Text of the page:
Beyond that, though, over-centralization can lead to “51% Attacks”–which is to say that if a single entity or a coordinated group of entities have control of more than half of the hash power on a blockchain, they can use that hash power to erase and rewrite transactions on a blockchain, which can effectively destroy a network.
However, it doesn’t seem like the possibility of a 51% Attack by Chinese mining entities is on the horizon.
“This fact is not as alarming as people make it out to be, though, for the following reasons. A spokesperson from cryptocurrency education firm CryptoVantage told Finance Magnates that “China [itself] is not directly in control of all of those computers.”
“It is not the case that China has a harness or a method of driving these computers,” the spokesperson explained. “So the network is not under the threat of a 51% attack like many people like to think.”
Olga Feldmeier, chief executive of security token exchange firm Smart Valor, also commented during an interview with Finance Magnates in 2018 that she is not concerned about centralization on the Bitcoin network.
“To be honest, I used to be really worried about it–about two years ago, I was really checking the numbers to see which pool is connected to which pool and if they would ever reach 51 percent, [wondering] ‘will I lose all my Bitcoins?’”, she said.
“But the way the Bitcoin network functions, there are certain incentives in the system,” she said, explaining that it’s not in the best interest of mining pools to manipulate the Bitcoin network. “All those miners, at the end of the day, their business depends upon this network being alive and working.”
“If they collude, and kill it, there will be no future avenues and no future business for them.”
Is a change in consensus mechanism the only way out of centralization?
And while the alarm bells over-centralization may have been rung once again in recent months, there are a number of analysts who will argue that centralization has been a problem since the beginning of Bitcoin–and will remain an issue as long as Bitcoin has a Proof-of-Work consensus mechanism.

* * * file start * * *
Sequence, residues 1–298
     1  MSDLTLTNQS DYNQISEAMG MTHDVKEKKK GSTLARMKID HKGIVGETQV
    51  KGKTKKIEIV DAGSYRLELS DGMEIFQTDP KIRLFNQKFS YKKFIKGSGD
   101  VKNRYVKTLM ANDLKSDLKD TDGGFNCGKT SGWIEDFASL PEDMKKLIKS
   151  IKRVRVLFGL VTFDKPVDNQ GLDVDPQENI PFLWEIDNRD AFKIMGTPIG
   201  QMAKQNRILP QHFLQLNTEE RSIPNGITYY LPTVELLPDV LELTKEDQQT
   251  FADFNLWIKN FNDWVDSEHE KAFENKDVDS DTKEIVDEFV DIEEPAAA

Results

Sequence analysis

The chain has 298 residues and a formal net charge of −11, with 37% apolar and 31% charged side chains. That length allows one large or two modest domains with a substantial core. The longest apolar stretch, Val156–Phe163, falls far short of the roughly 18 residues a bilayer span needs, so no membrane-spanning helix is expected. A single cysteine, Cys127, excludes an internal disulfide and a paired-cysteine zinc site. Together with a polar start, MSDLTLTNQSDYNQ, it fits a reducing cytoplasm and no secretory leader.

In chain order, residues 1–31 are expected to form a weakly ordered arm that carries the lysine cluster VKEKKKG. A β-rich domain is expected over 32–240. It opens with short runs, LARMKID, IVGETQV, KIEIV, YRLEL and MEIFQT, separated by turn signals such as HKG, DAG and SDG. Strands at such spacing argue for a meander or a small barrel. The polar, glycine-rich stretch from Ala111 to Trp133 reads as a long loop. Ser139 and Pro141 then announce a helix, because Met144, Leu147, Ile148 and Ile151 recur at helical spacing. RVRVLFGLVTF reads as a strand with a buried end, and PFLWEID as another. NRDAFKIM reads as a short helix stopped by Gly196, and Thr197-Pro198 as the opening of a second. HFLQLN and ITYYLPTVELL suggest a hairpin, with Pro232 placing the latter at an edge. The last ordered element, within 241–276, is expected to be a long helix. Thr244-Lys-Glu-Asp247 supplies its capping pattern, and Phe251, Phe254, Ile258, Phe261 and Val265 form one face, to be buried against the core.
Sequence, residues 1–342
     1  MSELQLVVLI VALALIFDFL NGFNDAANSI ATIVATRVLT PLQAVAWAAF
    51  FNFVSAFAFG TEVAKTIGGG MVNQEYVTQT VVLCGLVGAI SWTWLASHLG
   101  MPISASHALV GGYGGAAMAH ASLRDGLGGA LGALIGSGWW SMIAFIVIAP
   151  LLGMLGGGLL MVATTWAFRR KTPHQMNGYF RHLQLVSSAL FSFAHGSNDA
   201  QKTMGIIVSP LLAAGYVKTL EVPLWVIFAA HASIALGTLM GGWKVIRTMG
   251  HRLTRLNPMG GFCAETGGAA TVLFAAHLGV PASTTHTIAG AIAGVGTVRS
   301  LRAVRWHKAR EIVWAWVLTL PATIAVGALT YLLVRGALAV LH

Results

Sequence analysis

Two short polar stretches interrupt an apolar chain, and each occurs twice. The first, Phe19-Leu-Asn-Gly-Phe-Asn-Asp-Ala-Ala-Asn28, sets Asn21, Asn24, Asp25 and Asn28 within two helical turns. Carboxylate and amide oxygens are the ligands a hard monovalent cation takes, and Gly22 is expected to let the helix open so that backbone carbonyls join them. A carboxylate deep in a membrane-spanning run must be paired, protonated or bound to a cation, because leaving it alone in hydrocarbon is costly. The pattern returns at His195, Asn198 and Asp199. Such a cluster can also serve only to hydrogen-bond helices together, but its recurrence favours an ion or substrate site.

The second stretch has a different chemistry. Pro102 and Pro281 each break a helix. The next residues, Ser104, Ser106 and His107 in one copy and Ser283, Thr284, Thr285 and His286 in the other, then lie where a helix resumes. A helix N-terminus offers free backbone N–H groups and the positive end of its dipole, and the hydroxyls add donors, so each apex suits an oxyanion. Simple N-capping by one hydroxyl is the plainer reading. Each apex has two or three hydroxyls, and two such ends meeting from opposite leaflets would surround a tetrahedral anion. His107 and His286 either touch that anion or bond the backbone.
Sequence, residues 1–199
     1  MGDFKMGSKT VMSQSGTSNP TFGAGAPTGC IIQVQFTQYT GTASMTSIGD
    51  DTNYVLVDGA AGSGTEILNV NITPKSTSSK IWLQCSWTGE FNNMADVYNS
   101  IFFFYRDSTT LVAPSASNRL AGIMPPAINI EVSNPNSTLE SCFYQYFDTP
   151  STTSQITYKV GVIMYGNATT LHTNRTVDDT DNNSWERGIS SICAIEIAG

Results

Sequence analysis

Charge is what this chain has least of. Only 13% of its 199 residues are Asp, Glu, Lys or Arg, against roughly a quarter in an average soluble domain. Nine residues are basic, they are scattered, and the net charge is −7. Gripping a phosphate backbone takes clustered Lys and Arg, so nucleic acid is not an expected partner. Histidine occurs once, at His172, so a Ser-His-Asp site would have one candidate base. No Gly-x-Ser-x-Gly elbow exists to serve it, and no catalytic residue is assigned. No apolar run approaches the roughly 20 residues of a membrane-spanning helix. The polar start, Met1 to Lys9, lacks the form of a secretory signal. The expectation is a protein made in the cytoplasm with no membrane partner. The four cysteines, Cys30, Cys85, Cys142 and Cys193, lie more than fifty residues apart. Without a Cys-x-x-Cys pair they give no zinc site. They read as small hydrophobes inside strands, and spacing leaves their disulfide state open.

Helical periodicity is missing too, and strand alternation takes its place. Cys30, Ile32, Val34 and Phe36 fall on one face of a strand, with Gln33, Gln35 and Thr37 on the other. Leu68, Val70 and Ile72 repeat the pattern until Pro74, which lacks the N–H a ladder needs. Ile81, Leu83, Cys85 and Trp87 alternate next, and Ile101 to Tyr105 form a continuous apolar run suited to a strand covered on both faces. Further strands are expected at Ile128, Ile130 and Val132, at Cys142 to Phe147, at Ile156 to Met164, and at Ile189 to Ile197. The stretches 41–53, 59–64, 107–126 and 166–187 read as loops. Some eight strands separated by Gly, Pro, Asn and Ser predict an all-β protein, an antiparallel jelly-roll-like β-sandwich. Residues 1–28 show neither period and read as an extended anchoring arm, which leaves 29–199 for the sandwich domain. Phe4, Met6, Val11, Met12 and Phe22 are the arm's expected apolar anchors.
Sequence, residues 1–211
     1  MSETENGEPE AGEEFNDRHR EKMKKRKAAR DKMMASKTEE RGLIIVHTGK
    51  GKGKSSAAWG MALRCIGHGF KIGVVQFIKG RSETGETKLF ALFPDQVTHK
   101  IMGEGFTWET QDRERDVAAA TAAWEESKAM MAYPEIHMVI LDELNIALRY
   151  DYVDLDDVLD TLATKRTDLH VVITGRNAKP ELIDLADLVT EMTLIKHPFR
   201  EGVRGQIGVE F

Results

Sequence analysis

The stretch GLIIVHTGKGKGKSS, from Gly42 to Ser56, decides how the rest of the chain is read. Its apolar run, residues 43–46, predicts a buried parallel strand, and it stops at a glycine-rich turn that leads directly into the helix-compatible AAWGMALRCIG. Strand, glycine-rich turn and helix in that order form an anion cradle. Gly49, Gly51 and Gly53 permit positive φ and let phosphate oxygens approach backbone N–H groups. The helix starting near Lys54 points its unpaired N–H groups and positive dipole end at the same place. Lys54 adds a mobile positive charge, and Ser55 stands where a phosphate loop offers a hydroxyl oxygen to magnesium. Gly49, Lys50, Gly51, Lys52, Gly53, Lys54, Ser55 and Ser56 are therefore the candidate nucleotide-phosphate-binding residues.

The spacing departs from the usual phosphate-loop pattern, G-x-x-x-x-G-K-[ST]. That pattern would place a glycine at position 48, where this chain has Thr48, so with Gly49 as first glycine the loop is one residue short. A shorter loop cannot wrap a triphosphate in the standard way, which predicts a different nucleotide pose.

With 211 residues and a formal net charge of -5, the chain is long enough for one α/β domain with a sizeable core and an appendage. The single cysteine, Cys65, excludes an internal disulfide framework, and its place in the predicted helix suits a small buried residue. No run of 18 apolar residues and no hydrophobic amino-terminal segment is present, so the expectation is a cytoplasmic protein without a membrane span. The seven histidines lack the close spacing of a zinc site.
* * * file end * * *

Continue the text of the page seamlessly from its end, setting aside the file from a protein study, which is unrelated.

“Bitcoin is roughly as centralized now as it was years ago when I showed up to the space in early 2013,” Jake Yocom-Piatt commented. Today, “a few ASICs manufacturers make all the miners, several Chinese outfits dominate the network hash rate, and several developers dominate the core software development process,” just as they did seven years ago.
Yocom-Piatt believes that if anything, the network has become more centralized: “a notable change with centralization in Bitcoin is that there used to be a narrative that Proof-of-Work (PoW) had sovereignty in the network, and this has since been replaced with the narrative that only developers and full node operators have sovereignty.”
Therefore, he believes that “the only way to make mining fairer (and more decentralized) is to use Proof-of-Stake (PoS),” another kind of consensus mechanism that doesn’t rely on purchasing and running roomfuls of expensive equipment in order to confirm transactions and earn rewards.
However, Yocom-Piatt sees an issue with pure PoS mechanisms, too, a factor that led his own project, as well as the Ethereum network, to develop blended consensus mechanisms that use aspects of both PoW and PoS.
“The trouble with pure PoS consensus systems is that they reward people for doing very little and become an entitlement system,” he explained. “They also have stability issues because there is ‘nothing at stake’ when choosing a particular block to mine on. This is what led us to blend PoW and PoS in Decred.”
“PoW is meritocratic and irreversible,” he argued. “PoS is feudal and reversible. If you combine the two (PoW/PoS) you get a system that is part feudal, part meritocratic and irreversible. When PoW launches with Bitcoin, it was fairer than anything else out there, but that was quickly gamed. Now PoW is the least fair, followed by PoS, followed by hybrid PoW-PoS models.”